The Department's Labs and Office
From 1838 to 1877, the teaching of physics was carried out in what was then Dalhousie College on the Grand Parade (where City Hall now stands, between Barrington and Argyle Streets). In 1887, the foundation stone was laid for the Forrest Building, now home to Dal’s School of Nursing.
J.G. MacGregor was the first physics professor to use quarters in the Forrest Building: one large room, the main laboratory where first- and second-year laboratory classes were conducted; a second smaller room for the advanced laboratory classes; a lecture room; a battery room; a small research room and an office for the professor. In 1916, the department moved to the new Science Building on Studley campus (now housing the Chemistry Department), and in 1960 to the Sir James Dunn Science Building.
In the early days of the Second World War, a great part of the experimental work was carried out in the Physics Department at Dalhousie. The small but excellent machine shop or instrument shop was greatly enlarged to cope with the School for the Training of Instrument Makers, initiated by Drs. Henderson and Johnstone. At that time, the department employed a highly skilled instrument maker, Mr. A.V. Brody. He trained many of the young instrument makers urgently needed by industry and laboratories carrying on war research, and also designed and made many of the devices required by the Naval Research Establishment in its early days.
One of Mr. Brody's trainees was Mr. Russell Heffler, who was hired by the Physics Department following the war and was head technician until his retirement in 1977. In the 1960s, Mr. Heffler had five technicians under his training and supervision in the various laboratories; in 2000, due to financial restraints, there were only two instrument makers. Mr. Alex Feargrieve started his position with the department in 1967; his expertise has been known throughout the scientific community in the Halifax region.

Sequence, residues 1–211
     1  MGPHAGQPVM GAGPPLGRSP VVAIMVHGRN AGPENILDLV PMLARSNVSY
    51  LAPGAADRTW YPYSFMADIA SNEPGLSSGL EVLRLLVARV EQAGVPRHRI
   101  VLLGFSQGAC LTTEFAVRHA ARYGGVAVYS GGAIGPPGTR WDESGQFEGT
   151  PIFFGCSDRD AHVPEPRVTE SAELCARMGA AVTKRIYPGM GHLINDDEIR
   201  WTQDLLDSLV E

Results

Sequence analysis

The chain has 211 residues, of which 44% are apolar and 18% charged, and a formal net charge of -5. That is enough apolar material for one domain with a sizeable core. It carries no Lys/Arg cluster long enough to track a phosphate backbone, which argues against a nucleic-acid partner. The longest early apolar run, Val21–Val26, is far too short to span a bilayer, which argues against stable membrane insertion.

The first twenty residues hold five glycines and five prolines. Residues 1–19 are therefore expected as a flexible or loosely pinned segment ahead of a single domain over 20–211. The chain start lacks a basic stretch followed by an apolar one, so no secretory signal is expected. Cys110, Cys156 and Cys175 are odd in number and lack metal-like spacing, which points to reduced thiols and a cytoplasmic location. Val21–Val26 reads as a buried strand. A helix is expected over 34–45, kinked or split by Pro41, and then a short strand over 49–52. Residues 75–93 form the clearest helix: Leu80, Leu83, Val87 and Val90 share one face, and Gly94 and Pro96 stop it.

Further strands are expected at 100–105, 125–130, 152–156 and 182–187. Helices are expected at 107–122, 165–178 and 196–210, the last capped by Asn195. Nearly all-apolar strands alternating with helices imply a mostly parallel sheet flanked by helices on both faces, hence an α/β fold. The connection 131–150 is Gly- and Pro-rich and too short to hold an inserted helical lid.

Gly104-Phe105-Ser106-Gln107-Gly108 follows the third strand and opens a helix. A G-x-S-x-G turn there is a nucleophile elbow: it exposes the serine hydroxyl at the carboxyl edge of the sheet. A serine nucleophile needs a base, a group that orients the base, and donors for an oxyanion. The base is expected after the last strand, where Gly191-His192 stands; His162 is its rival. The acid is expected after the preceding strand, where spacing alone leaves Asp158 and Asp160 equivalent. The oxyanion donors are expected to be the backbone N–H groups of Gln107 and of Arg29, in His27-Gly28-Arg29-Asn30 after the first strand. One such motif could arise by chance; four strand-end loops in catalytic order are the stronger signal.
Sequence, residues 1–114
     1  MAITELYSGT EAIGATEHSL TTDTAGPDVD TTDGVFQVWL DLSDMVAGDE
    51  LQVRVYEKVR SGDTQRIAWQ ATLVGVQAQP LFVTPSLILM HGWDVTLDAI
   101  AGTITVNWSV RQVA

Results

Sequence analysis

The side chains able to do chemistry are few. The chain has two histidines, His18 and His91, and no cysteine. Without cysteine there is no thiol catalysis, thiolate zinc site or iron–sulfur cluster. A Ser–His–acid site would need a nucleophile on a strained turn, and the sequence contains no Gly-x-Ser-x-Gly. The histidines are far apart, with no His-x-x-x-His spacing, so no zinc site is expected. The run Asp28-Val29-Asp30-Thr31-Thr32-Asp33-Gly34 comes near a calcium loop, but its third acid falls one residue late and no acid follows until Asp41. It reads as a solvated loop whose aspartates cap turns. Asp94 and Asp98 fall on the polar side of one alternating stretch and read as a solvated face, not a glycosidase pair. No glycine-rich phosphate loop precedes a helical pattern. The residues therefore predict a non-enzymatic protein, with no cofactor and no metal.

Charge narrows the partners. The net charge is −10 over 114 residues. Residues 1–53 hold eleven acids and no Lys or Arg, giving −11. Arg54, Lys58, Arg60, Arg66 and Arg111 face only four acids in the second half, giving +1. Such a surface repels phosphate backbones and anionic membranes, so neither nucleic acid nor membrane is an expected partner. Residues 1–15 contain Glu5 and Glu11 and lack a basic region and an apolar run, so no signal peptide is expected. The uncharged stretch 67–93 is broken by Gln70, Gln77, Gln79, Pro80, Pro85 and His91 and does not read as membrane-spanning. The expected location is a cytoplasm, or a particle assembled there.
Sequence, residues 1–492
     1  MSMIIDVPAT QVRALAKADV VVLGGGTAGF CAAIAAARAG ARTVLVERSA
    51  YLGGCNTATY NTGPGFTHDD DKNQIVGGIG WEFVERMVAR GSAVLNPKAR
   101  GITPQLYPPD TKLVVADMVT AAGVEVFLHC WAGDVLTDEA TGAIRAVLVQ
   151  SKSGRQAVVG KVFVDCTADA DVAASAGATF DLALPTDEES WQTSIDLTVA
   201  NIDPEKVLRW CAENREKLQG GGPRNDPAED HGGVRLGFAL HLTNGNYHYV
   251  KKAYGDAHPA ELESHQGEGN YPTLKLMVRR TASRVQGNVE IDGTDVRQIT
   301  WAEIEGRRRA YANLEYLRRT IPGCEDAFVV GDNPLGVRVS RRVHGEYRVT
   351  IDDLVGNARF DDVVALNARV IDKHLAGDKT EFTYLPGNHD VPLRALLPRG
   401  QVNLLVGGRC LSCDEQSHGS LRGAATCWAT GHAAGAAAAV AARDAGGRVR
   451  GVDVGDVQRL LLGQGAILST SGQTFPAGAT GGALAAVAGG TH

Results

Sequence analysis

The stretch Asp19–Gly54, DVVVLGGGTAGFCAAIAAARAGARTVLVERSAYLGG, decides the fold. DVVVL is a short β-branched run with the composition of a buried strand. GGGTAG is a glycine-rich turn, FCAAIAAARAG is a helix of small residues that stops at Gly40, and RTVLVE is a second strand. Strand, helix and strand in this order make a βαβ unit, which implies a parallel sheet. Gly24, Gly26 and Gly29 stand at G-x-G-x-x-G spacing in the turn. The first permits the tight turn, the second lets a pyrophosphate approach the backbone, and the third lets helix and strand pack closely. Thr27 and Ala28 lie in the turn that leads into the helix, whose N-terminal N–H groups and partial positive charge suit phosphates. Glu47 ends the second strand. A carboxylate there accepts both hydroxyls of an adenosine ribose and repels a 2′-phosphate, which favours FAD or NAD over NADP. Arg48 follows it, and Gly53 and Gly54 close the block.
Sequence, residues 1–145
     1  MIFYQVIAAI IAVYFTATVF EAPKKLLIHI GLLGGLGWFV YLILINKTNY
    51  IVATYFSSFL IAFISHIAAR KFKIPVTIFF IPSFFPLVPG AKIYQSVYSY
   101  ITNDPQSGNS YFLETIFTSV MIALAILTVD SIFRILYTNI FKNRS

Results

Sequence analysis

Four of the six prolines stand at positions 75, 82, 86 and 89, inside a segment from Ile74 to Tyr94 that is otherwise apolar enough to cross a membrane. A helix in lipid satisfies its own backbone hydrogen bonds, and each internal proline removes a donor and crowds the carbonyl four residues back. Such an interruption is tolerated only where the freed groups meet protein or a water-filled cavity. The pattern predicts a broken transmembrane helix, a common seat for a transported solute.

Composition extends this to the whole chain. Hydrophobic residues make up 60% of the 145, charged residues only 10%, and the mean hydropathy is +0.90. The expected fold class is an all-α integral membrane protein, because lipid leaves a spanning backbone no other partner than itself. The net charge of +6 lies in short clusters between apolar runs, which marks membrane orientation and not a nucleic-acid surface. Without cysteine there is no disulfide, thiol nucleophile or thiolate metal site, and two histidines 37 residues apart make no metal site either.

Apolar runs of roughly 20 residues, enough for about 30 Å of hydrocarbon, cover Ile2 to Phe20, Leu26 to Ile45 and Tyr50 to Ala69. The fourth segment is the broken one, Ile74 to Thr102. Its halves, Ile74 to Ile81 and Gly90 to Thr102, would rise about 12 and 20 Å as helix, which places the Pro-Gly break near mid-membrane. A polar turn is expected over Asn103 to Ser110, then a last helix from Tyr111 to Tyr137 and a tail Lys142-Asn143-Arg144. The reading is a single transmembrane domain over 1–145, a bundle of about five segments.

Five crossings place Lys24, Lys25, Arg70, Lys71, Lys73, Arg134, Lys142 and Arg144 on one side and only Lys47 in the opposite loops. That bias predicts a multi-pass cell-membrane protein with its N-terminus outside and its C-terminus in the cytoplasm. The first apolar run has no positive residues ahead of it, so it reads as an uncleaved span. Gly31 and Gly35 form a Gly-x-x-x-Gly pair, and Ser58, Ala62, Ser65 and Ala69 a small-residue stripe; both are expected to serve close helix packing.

With the opening of the Sir James Dunn Building in 1960, new laboratories included a cryogenics facility with helium and air liquefiers to meet the requirements for developing research activities in low temperature physics; a specially designed positron annihilation lab accommodating the rather large angular correlation apparatus; and laboratories for geophysics research, including radio-carbon dating. Six of the basement laboratories have floor sections that are anchored to bedrock to provide isolation for vibration sensitive experiments.
The original design included an extensive power room that housed batteries and a motor-generator to provide laboratories with AC and DC power. These soon became obsolete and have subsequently been dismantled. Since the early 1960s, the Department has employed technical staff in the areas of electronics, including more recently computer programming and repair (currently, J. Chisholm), sample preparation (currently, A. George), as well as cryogenics (now K. Borgel) and instrument design and manufacture (A. Feargrieve, followed by and S. Trussler). Mr. Ralph Deveau, cryogenics technician from 1965 until his retirement in 1998, was instrumental in keeping the helium and nitrogen equipment running. With the influx of new faculty since 2000, several research laboratories have been renovated. The outdated liquefiers were dismantled and a new liquid nitrogen liquefier was bought in 2003.
Our office staff...
The office currently employs four staff members. The Administrator is Heather Ann Jennex. Providing administrative support are: Jenn Currie, who is the administrative assistant to the Undergraduate Program and secretary to the Chair; Mary Okwese, who is the administrative assistant to our Graduate Program; and Valerie O'Neill, who manages the reception area and provides administrative support to faculty, staff, and students.